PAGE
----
An important distinction must be made between CourseHorse and MasterClass. Both are forms of online learning; however, the former offers live classes while the latter is prerecorded. Of course, both have their potential drawbacks and benefits.
In a live class, a student can ask questions, but issues like timing or poor connection could result in a less satisfactory experience. Conversely, a prerecorded class makes it more difficult to ask questions, preventing some from learning.
CourseHorse has its courses on a sliding scale, with each class ranging from free to $100 or more. Compared to the $180 for 10 classes with MasterClass, it can be more expensive to buy 10 classes with CourseHorse. For example, the Performance Management class is $665 for 9 classes.
It is also important to consider that MasterClass is solely taught online. Before the pandemic, instructors taught CourseHorse classes in person. Thus, MasterClass provides stability and continuity, but CourseHorse has the potential to change its format based on the status of the pandemic.
For those looking for a more collegiate experience in online learning, edX is a popular choice. This service is much more traditionally academic when compared with MasterClass and CourseHorse. EdX allows an individual to take online courses from leading universities for free. It may sound too good to be true, but for the most part, edX has glowing reviews.
Their library features prerecorded online classes, homework assignments, tests and projects. The courses can span from one week to several months, and are divided up by beginner, intermediate and advanced levels.
Though it is free to the public, an individual can pay varying sums of money to receive a certificate upon completion of the course. Imagine walking into an interview at a major tech company and showing them a certificate from Harvard praising your advanced Python coding skills. It adds a competitive edge in the job market, where the prestige of a college can hold weight.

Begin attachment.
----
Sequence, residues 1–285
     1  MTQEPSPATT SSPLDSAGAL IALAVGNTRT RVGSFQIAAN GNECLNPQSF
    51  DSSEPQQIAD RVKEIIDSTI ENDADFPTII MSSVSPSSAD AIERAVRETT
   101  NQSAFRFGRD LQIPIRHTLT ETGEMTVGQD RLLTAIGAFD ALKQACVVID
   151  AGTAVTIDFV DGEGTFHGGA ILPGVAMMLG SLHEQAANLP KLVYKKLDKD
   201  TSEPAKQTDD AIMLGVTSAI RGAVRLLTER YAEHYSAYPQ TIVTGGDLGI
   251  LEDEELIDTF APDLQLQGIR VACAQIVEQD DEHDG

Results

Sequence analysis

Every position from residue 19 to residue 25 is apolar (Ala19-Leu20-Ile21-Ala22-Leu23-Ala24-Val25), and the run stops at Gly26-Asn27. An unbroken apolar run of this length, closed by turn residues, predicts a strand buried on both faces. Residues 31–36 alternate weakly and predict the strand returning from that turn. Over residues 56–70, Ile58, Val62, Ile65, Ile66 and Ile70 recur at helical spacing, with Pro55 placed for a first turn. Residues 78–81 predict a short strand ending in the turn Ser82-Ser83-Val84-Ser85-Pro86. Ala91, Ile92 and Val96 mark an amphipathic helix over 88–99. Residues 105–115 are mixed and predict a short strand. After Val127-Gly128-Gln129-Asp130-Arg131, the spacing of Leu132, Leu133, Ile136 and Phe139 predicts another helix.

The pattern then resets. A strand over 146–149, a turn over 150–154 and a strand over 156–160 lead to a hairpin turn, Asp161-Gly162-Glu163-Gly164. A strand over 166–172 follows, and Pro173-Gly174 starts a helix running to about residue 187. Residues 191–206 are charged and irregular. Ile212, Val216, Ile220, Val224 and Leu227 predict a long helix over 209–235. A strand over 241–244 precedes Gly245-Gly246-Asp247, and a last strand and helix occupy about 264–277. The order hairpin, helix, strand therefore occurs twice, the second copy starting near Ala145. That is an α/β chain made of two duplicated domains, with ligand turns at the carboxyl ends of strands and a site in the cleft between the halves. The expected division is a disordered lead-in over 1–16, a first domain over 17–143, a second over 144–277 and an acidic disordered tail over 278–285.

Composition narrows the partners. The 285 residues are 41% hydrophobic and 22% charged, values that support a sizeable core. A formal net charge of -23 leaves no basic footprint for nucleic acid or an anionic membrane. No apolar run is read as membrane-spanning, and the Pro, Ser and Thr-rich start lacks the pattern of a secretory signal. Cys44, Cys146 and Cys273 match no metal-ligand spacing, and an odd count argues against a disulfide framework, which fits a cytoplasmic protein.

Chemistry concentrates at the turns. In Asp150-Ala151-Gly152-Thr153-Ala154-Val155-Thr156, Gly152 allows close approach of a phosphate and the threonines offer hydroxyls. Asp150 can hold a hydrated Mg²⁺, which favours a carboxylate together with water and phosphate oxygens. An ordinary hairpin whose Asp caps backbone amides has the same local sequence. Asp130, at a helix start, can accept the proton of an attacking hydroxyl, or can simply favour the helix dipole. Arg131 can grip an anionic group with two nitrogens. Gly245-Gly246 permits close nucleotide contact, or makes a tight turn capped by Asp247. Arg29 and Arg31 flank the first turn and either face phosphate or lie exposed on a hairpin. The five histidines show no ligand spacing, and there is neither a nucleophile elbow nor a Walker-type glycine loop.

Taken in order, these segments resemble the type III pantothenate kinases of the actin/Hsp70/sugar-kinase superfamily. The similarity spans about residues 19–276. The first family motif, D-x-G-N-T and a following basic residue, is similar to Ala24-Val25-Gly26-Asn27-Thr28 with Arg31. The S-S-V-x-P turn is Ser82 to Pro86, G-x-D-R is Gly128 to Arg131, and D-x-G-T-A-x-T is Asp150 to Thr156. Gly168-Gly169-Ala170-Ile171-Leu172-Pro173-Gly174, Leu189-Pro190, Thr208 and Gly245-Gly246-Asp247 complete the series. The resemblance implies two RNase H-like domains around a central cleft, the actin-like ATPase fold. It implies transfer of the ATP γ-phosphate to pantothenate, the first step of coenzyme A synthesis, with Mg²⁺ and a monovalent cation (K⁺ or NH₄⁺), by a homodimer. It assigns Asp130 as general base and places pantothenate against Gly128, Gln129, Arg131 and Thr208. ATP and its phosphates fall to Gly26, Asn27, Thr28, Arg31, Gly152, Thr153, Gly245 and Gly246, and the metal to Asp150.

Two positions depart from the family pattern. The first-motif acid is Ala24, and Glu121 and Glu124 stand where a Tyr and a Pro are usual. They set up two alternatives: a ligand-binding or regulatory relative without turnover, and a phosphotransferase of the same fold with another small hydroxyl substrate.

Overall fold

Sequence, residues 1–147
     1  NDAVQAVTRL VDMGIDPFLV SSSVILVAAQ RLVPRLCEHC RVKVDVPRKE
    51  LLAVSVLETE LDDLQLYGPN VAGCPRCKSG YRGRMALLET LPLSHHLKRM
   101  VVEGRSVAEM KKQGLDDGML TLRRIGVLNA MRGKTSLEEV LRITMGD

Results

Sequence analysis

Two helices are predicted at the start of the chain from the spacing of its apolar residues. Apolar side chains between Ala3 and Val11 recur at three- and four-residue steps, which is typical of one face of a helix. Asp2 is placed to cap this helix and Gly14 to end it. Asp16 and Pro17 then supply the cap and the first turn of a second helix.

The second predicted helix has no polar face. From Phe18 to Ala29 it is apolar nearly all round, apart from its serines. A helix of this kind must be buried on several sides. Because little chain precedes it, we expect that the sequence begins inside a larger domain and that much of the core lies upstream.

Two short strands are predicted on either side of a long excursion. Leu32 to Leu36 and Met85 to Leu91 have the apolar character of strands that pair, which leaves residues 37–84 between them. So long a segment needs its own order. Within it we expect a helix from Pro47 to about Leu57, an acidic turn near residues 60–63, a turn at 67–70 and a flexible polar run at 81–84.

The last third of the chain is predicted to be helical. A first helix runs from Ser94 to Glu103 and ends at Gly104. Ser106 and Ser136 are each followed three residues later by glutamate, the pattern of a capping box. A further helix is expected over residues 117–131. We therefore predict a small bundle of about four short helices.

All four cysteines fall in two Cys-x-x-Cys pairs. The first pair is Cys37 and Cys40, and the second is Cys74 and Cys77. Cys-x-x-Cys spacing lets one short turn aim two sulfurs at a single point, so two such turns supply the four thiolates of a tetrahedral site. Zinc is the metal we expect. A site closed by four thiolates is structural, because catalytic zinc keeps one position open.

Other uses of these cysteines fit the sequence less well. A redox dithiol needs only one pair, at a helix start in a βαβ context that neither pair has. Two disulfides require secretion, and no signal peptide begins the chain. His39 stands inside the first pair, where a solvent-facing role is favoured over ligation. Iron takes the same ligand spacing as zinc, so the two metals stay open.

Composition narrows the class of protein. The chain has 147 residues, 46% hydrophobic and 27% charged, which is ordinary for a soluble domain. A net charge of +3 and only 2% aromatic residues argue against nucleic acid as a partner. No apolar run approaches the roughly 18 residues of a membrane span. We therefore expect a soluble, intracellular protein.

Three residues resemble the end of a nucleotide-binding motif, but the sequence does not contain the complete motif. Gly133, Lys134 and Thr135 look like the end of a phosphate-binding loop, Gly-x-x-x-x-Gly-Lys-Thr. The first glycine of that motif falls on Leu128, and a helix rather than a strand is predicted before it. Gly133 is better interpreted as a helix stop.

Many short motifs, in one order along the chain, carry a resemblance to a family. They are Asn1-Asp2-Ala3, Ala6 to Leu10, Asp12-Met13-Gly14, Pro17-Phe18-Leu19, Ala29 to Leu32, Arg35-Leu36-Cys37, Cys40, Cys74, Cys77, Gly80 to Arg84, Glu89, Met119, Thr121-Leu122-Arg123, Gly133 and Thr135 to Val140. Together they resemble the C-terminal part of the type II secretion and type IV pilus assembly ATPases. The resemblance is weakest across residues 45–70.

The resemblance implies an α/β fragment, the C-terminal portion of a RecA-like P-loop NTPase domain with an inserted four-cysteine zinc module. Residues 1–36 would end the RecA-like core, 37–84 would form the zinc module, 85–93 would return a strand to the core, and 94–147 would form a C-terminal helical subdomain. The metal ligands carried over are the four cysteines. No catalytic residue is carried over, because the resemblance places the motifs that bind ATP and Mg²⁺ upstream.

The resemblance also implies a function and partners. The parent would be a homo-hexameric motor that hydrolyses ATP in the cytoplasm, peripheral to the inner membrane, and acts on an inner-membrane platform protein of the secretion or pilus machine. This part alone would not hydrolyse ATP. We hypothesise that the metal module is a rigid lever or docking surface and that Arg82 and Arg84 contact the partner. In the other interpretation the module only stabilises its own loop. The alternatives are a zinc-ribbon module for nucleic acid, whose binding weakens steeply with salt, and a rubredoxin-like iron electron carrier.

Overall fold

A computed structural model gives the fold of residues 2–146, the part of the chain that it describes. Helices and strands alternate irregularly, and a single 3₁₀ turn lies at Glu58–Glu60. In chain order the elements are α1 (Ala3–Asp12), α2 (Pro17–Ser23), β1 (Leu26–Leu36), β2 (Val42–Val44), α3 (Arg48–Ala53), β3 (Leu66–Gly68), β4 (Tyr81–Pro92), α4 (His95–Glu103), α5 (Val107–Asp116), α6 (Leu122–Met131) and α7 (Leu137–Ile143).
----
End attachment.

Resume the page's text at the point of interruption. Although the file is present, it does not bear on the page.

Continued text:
The problem with edX is its payment options. Once someone pays for the certificate route, which costs at least $49, they should have nothing but the class to worry about. For some, however, they never get to complete the course they paid for. By working as the middleman between institutions and students, there is an inherent lack of consistency.
Essentially, edX is more of a gamble. It provides a means of rich online learning, but glitches in its system or payment issues may result in not receiving the fruits of your labor.
Overall, these three websites are a part of a growing market of online learning. It begs the question of whether or not it is worth it to take these classes.
It is clear that MasterClass, CourseHorse and edX share many common elements. Enticing names, from celebrities to Ivy Leagues, attract students and customers. However, their prices aren’t necessarily affordable and the platforms can be susceptible to technical issues, which can both impede learning.
Ultimately, it is up to consumers to discern whether or not these services meet their needs. Between recreational pastimes or rigorous scholarship, there is certainly a class or tutorial for anyone. Online learning isn’t an exact science. Some people will have a terrible experience while others will possibly find a new calling or further their careers. Regardless, the pursuit of knowledge can offer a fulfilling way to pass this period of social distancing.